It’s hard to write anything about the novel Battlefield Earth: A Saga of the Year 3000 without mentioning it’s infamous author, L. Ron Hubbard, or the universally panned 2000 film version starring John Travolta. While most people know Hubbard as the founder of Scientology or the author of the self-help book Dianetics, he actually got his start as a highly prolific writer of Science Fiction, Fantasy and Adventure novels. Out of the over 500 novels and short stories he wrote during this time, Battlefield Earth is by far his most famous work – and for good reason. Stunningly imaginative, adventure-packed, and sweeping in its scope (if a bit clunky and ridiculous at times), it packs so much into its 1,000+ pages that there really isn’t a dull moment throughout. Sure, the writing isn’t Shakespeare, the characters are pretty one-dimensional, and scientific inaccuracies abound. But if you can get past all the baggage that this book carries with it, and the stylistic limitations of its author, you’ll find a surprisingly satisfying and compulsively readable bit of Science Fiction.
Set around the year 3000 (duh!), the novel opens on an Earth almost devoid of humans. Having been conquered by an evil race of aliens known as Psychlos almost a thousand years before and mined for its minerals ever since, the only humans left are spread out in small pockets throughout the globe. Our hero, Jonnie Goodboy Tyler, lives in a small struggling mountain community (that we eventually learn is in the Rocky Mountains just outside of Denver) secluded from the nearby mining operations of the Psychlo “Monsters.” After leaving his village in search of food and to explore the surrounding areas he is captured by a Psychlo named Terl who holds him captive and eventually forces him to help mine gold deposits from the mountains. Having come from a parallel universe with different elements, the Psychlos use “breathe-gas” masks to survive on Earth – the elements of which explode when in contact with radioactive elements like uranium. Since many of the richest gold deposits in the mountains are surrounded by uranium, Terl needs humans to do the mining for him.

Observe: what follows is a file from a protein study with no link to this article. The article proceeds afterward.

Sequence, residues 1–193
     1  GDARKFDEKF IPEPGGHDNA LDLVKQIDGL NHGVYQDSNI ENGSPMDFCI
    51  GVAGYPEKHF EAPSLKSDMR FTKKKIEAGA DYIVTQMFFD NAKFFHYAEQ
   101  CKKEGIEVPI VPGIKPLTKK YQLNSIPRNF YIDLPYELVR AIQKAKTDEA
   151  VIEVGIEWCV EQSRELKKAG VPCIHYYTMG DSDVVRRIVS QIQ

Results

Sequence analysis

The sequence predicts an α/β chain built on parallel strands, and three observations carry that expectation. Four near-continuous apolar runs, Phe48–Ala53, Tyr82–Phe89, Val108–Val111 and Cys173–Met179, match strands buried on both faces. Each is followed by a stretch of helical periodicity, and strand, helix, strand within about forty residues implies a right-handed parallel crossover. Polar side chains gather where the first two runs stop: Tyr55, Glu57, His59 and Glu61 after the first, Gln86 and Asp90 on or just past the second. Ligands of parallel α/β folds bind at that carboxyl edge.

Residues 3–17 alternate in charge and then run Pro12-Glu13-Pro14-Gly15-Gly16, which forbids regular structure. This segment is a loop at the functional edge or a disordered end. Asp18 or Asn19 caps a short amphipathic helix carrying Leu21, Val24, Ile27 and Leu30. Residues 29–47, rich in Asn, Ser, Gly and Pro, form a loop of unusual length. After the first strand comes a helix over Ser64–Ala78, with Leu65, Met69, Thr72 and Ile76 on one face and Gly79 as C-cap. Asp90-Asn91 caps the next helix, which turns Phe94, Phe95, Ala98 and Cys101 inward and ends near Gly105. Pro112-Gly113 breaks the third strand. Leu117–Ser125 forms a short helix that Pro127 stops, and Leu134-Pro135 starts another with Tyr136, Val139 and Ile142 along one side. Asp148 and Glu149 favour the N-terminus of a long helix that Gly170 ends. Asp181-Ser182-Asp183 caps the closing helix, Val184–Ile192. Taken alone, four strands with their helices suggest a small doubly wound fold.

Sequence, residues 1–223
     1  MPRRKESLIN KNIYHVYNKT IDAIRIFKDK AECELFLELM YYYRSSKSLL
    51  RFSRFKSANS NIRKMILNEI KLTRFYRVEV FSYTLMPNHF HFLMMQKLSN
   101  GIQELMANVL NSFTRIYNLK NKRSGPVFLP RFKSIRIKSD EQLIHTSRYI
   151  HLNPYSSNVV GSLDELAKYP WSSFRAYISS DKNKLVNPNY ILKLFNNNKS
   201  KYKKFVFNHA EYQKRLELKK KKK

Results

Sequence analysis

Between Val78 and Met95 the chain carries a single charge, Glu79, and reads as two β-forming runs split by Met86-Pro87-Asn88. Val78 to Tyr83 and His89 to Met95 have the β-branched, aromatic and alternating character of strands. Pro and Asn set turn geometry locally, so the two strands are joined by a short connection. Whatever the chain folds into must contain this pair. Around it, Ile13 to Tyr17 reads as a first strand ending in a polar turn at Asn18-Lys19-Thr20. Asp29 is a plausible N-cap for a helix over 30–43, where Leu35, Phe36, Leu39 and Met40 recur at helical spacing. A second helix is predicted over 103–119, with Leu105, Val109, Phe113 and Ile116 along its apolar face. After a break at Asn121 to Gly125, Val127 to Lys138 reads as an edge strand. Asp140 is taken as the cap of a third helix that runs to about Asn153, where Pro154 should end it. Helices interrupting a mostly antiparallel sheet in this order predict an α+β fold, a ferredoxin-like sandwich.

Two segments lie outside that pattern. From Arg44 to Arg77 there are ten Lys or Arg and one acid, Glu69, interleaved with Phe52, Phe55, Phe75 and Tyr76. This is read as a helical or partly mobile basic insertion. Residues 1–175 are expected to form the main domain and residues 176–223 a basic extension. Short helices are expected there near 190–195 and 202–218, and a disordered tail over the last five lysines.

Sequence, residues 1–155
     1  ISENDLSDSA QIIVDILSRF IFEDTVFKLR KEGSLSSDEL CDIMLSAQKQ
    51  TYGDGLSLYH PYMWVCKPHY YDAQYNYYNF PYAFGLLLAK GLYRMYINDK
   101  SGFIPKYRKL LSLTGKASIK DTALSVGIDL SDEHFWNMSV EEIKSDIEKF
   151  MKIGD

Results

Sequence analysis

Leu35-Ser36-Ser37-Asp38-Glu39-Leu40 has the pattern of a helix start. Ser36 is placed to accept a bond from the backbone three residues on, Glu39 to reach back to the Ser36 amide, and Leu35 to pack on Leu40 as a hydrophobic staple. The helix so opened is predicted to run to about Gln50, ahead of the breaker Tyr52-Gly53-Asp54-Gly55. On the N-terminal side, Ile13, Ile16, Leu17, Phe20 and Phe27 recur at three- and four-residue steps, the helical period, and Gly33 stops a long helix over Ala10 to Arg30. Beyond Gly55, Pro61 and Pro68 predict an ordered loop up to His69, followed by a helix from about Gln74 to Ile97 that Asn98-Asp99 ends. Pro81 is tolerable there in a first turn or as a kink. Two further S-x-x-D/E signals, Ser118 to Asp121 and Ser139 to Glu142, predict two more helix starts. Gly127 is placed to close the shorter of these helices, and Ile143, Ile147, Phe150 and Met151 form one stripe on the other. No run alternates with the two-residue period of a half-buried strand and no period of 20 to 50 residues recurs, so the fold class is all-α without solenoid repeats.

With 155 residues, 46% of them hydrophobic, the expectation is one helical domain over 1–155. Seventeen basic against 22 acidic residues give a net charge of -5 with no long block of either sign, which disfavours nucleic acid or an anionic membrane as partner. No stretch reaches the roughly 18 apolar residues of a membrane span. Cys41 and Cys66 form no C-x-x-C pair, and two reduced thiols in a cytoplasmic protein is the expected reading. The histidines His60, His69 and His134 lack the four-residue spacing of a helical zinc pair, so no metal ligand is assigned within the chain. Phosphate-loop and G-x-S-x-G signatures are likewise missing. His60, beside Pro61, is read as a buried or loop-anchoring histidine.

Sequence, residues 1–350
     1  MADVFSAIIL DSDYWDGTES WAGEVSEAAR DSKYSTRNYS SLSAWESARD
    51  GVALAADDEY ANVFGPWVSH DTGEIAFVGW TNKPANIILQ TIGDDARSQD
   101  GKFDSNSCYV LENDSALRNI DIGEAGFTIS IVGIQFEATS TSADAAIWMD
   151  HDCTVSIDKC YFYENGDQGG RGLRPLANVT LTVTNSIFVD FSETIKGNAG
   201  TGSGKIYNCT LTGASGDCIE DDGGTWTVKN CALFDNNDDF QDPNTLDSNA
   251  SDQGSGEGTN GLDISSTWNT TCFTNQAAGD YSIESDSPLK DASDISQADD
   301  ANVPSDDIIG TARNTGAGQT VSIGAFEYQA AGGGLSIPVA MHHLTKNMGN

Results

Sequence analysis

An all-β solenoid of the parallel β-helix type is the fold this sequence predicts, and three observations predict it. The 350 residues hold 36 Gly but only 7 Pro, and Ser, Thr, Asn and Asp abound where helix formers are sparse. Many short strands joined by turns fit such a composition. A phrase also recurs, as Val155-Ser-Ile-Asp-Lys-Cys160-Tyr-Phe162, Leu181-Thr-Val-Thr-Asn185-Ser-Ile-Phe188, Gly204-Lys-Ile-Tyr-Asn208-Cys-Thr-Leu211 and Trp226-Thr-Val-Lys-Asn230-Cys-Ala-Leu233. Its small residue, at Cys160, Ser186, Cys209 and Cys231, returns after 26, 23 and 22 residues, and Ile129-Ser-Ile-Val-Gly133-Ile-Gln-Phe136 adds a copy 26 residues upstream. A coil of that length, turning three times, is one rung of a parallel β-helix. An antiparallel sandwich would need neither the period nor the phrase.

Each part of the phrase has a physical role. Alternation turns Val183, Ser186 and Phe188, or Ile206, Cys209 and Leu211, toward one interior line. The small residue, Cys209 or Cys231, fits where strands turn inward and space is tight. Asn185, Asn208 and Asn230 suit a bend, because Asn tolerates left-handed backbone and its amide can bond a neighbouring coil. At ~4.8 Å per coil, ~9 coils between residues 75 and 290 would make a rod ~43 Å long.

Eventually Jonnie learns the Psychlo language and agrees to help Terl extract the gold, all the while trying to learn as much as he can about the invaders in order to eventually overthrow them. Needing more man power, Terl agrees to let Jonnie travel to another human encampment (this time in Scotland) to recruit more humans for the job. Jonnie, along with a group of 80+ Scots spend the next few months helping Terl extract the gold while secretly learning about Psychlo technology and getting their hands on enough weapons to overpower the monsters and take back Earth. In addition to taking over the Denver mining rig and killing all the Psychlos, they also manage to send an atomic bomb back to the Psychlo home planet through a teleportation device that the Psychlos use to ship things back and forth to Earth.
Still uncertain as to whether the bombs wiped out the Psychlos – preventing a counterattack from the home planet – Jonnie and the Scots set out to bring the people of Earth back together to destroy the rest of the Psychlo mining installations and once more rule their planet. Much of the book details the bringing together of the various tribes of people spread out in remote places around the globe, and the struggle to unite themselves to prepare in case they are attacked again. And when a new threat finally does materialize in the skies over Earth, well, you’ll just have to read it to find out for yourself.
Hubbard’s writing definitely has the feel of early pulp adventure novels. His hero, Jonnie Goodboy Tyler, is a rugged blonde warrior with a heart of gold, nerves of steel, and a surprising mind for mathematics. His heroic deeds and constant brushes with death are exciting and suspenseful, and the David vs. Goliath struggle that Hubbard sets up is straight out of Joseph Campbell’s Hero’s Journey. And while you could certainly take aim at Hubbard’s flaws as a writer, I found that the imaginative leaps and ingenious plotting more than made up for them. So if you think you can put the strangeness of Scientology and the ineptitude of John Travolta aside for a while, I think you’ll enjoy Battlefield Earth as much as I did.